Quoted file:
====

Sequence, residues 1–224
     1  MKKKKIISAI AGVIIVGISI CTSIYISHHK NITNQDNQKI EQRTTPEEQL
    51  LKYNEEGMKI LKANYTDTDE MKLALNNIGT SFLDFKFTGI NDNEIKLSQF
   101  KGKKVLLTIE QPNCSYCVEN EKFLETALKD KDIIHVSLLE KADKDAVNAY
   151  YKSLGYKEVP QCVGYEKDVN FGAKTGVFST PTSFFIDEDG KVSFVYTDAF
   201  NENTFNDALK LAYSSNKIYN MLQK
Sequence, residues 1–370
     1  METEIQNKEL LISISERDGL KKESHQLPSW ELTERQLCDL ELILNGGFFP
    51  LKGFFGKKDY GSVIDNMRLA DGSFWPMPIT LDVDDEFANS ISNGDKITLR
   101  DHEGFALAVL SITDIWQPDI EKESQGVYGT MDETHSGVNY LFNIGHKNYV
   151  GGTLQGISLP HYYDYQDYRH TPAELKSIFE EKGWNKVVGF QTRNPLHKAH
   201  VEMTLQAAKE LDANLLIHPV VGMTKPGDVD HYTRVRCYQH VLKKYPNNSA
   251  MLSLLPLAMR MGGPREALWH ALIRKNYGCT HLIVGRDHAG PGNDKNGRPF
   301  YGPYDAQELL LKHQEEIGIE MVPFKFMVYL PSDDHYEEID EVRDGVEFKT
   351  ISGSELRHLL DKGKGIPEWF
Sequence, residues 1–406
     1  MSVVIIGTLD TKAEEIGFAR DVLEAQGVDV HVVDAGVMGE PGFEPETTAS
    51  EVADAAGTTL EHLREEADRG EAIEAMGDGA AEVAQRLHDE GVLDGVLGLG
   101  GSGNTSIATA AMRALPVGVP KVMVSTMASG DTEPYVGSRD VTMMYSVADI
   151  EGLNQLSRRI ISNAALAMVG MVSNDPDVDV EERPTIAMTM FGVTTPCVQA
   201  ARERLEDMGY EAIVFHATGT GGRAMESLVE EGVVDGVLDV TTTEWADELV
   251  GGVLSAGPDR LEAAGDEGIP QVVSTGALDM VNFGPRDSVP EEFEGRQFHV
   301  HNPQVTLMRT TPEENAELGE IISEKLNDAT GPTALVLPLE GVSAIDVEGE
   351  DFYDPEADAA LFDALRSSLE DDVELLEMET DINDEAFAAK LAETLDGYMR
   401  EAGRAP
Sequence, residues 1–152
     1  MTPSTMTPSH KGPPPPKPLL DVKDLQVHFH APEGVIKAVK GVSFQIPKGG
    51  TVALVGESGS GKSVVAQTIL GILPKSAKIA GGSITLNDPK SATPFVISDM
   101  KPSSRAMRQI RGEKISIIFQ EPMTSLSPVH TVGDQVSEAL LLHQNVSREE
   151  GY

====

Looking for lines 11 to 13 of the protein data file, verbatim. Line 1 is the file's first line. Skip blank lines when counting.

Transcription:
   151  GGTLQGISLP HYYDYQDYRH TPAELKSIFE EKGWNKVVGF QTRNPLHKAH
   201  VEMTLQAAKE LDANLLIHPV VGMTKPGDVD HYTRVRCYQH VLKKYPNNSA
   251  MLSLLPLAMR MGGPREALWH ALIRKNYGCT HLIVGRDHAG PGNDKNGRPF